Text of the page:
| Masu |
IMAGE: TOM OLIVER
Once you step inside, though, the restaurant's interior beguiles with its sexy urbanism: low, modular sofas and undulating bent-plywood chairs; industrial windows with ripply leaded panes that refract the streetlights; walls and columns clad in cleverly layered wood chips, and a central bar gleaming with lit glass. The focal point of the space is a massive backlit grid of shelves behind the sushi bar, displaying dozens and dozens of masu.
Masu are the little wooden boxes that Japanese sake brewmasters traditionally used to sample their ware. Made from fragrant hinoki cypress wood and constructed with neat dovetail joinery, the masu is an impeccable object with a task both delicious and deeply sacred. Portland's new restaurant seems aptly titled: This chic little boîte has taken it upon itself to bring grace, premium sake and, most daringly, civilized Japanese food to downtown. What Masu serves, along with its refinement, is in-the-know urban cool.
The menu offers a compromise between Western-style platings, the typical à la carte sushi experience, and a love affair with tempura. A page devoted to specialty sushi rolls displays the kitchen's muscular style: One standout is the Japanista, a juggernaut of spicy crab, tuna, seared yellowtail, sprouts, cilantro and jalapeño. Delivering enormous pieces, it's almost an entree—and at $13, it should be. Like many of Masu's sushi and entrees, it's served with sauces—here, little dishes of sweet chili and the house's citrus-and-mayo Hana concoction.
Masu's sauces kick its food out of the realm of simple raw fish and into a heavier, more formal kind of dining, as does the inclusion of fried rolls—the best of which is the Bamboo Princess, a showy mix of scallops, crab and shrimp in tempura-fried soy paper ($9). Masu does offer the standard check-'em-off broad for those seeking simpler fare, but it's not the best value (a spicy tuna roll, for example, costs $7).
The appetizers are a playful blend of traditional Japanese ingredients and artsy prep. The spicy calamari salad ($5) is served as a tumble of chili-spiced squid pieces in a rice bowl with garlic ponzu sauce. A delicious halibut carpaccio ($9) offers thin slices of tangy cured halibut fanned on a plate with shiso mist and torn greens. The kaiso appetizer ($4) tinkers little with the traditional wakame salad (though the menu notes that the seaweed is organic).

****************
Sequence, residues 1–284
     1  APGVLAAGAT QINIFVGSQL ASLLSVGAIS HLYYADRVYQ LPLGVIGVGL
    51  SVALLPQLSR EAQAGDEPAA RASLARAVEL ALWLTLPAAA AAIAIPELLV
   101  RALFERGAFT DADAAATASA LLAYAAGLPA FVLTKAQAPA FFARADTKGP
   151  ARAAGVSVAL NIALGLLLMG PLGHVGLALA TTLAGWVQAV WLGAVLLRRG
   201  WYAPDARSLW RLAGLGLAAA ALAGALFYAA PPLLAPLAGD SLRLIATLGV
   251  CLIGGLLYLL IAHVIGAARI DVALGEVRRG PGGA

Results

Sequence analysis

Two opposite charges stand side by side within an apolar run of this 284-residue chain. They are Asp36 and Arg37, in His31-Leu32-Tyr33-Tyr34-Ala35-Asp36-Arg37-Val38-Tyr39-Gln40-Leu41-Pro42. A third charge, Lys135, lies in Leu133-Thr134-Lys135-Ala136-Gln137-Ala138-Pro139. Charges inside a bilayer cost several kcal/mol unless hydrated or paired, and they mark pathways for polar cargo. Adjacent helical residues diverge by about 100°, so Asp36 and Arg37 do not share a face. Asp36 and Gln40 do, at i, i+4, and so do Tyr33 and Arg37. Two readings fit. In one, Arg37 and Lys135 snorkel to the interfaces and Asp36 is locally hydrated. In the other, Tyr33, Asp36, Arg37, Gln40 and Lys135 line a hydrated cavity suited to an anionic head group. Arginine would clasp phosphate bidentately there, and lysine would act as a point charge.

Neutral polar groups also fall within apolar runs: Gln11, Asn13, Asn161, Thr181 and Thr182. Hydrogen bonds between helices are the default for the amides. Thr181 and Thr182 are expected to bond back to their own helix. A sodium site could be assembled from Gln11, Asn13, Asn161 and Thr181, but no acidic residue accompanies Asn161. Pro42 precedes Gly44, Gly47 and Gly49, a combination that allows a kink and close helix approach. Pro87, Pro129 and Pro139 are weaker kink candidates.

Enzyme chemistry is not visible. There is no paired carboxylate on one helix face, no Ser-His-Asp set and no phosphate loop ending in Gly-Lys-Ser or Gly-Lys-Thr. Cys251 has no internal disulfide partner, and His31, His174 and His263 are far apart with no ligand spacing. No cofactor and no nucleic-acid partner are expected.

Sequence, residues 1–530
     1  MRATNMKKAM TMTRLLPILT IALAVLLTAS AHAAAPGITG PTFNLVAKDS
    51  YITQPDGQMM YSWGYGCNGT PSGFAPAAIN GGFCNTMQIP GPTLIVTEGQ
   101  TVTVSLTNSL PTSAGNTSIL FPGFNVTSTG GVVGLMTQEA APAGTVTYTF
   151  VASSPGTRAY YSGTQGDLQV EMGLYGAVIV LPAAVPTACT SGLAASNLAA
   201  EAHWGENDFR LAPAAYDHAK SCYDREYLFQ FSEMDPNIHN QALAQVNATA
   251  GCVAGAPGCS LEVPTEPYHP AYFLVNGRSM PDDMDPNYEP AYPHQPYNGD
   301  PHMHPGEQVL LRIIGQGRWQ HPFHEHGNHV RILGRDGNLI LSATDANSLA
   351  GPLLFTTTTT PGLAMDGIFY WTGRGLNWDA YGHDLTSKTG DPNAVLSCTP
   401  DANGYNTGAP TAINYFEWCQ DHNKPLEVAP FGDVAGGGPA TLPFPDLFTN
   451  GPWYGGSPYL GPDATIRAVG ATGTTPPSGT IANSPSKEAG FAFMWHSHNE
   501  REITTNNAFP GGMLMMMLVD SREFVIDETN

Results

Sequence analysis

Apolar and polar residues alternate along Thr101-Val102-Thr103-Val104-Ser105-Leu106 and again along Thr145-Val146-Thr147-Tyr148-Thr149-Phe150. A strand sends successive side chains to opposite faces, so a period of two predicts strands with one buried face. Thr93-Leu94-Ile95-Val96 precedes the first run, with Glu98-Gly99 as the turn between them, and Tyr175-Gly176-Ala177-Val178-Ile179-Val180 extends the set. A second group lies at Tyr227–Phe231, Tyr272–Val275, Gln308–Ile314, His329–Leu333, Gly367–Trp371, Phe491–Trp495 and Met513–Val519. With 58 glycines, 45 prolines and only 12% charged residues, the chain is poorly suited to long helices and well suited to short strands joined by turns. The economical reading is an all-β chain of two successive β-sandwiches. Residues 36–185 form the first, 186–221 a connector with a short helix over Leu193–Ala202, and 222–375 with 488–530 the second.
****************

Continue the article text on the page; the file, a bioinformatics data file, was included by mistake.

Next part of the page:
Masu's cocktails offer the best realization of the restaurant's urbane ambitions. The bar has a knack for burying alcohol's bitter edge in fragrant herbs and exotic fruit, so a stiff drink feels like a healthy adventure. The Asterix Gimlet ($7), which mixes gin with fresh kiwi, lime and a housemade lemongrass ginger soda, tastes like wet springtime, served tall. The Tokyo Drop ($7) renders vodka undetectable in a mist of muddled red grapes, lime and lychee. The Masu Mojito ($8) is spiked with Coco Rico coconut soda and pineapple.
Entrees, which range from a straightforward vegetable-and-tofu yakisoba ($17) to an elaborate wild-salmon confit with leeks and beluga caviar ($19), don't achieve the elegance that the space (or the price tag) demands. The confit is really a simple filet, dotted with beads of salty caviar, long on flair but without the kind of delicacy that earns a kitchen extra praise. The blackened rib-eye steak ($21) was still more uneven—a rib-eye, sharing an oblong plate with daubs of applesauce (poetically described as "Asian pear and Fuji apple relish") arrived rare at one end and well-done at the other.
It's not clear why Masu needs these big-ticket items—it would seem more natural to let the sushi bar (and the bar) take center stage. Similarly, desserts (including a dense chocolate-Chambord cake and ginger crème brûlée, all $5) are decent but taste as if they were trucked in from another kitchen.
What's more, the restaurant's fine-dining feel is at odds with the service, which can be casual to the point of disappointing. A server, when asked for sushi recommendations, might say: "That's a good one," to every specialty roll on the menu. There can be inexplicably long waits between ordering and the time when drinks or food actually arrive at your table. And the staff doesn't seem that knowledgeable about the more exotic items on the menu—notably the premium sakes, which run as high as $291 a bottle. Try the Oni Koroshi, by the way—it's called "demon killer" for a reason.
Masu's instincts are definitely good, and its confident presentation makes the place a welcome bright spot in downtown's sometimes dreary dining landscape. The kitchen serves an abbreviated menu (mostly sushi and appetizers) until midnight every night of the week. Throw in the delicious cocktails, and those pluses are more than enough to make Masu a must-visit.
All that's needed here is a tightening up of the concept and a sanding down of some rough edges. Think of the masu box itself—simple, designed exactly to its purpose, perfect in its simplicity. If the restaurant can, without distraction, master late-night maki rolls and a mojito, this Masu can achieve perfection, too.
Masu406 SW 13th Ave., 221-6278.11:30 am-2 pm Monday-Saturday, 4 pm-midnight Sunday-Thursday, 4 pm-2 am Friday-Saturday. Credit cards accepted. $$
Picks: Japanista roll, Bamboo Princess fried roll, spicy calamari salad, Asterix Gimlet, Masu Mojito